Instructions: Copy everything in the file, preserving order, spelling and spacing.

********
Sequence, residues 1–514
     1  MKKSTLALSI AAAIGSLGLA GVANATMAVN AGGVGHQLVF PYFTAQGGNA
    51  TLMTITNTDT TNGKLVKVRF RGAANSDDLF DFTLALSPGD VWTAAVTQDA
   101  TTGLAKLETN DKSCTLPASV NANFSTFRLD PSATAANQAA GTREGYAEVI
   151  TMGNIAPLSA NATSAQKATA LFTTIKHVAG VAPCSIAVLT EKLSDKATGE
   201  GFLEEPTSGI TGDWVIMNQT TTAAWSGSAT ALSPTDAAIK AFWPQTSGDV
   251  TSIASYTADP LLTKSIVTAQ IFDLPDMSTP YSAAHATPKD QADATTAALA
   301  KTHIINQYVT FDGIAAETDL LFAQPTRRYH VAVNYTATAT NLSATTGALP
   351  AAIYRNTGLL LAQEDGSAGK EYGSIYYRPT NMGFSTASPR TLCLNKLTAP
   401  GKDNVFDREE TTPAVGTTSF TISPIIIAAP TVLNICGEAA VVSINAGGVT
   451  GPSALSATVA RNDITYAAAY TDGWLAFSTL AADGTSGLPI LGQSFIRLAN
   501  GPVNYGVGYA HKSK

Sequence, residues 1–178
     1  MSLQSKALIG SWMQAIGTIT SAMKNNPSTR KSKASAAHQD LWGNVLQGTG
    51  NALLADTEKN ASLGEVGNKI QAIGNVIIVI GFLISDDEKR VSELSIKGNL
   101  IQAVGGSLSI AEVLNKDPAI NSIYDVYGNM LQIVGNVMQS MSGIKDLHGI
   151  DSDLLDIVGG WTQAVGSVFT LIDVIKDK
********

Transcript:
Sequence, residues 1–514
     1  MKKSTLALSI AAAIGSLGLA GVANATMAVN AGGVGHQLVF PYFTAQGGNA
    51  TLMTITNTDT TNGKLVKVRF RGAANSDDLF DFTLALSPGD VWTAAVTQDA
   101  TTGLAKLETN DKSCTLPASV NANFSTFRLD PSATAANQAA GTREGYAEVI
   151  TMGNIAPLSA NATSAQKATA LFTTIKHVAG VAPCSIAVLT EKLSDKATGE
   201  GFLEEPTSGI TGDWVIMNQT TTAAWSGSAT ALSPTDAAIK AFWPQTSGDV
   251  TSIASYTADP LLTKSIVTAQ IFDLPDMSTP YSAAHATPKD QADATTAALA
   301  KTHIINQYVT FDGIAAETDL LFAQPTRRYH VAVNYTATAT NLSATTGALP
   351  AAIYRNTGLL LAQEDGSAGK EYGSIYYRPT NMGFSTASPR TLCLNKLTAP
   401  GKDNVFDREE TTPAVGTTSF TISPIIIAAP TVLNICGEAA VVSINAGGVT
   451  GPSALSATVA RNDITYAAAY TDGWLAFSTL AADGTSGLPI LGQSFIRLAN
   501  GPVNYGVGYA HKSK

Sequence, residues 1–178
     1  MSLQSKALIG SWMQAIGTIT SAMKNNPSTR KSKASAAHQD LWGNVLQGTG
    51  NALLADTEKN ASLGEVGNKI QAIGNVIIVI GFLISDDEKR VSELSIKGNL
   101  IQAVGGSLSI AEVLNKDPAI NSIYDVYGNM LQIVGNVMQS MSGIKDLHGI
   151  DSDLLDIVGG WTQAVGSVFT LIDVIKDK